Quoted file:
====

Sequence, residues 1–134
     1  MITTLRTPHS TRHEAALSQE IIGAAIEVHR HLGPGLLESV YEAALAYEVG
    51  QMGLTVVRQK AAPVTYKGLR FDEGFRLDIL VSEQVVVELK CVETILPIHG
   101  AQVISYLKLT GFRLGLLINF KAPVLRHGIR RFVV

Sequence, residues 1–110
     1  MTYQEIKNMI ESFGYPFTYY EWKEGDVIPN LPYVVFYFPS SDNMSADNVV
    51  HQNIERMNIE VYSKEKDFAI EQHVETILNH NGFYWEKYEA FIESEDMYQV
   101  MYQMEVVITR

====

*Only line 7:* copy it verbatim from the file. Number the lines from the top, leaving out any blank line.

    51  HQNIERMNIE VYSKEKDFAI EQHVETILNH NGFYWEKYEA FIESEDMYQV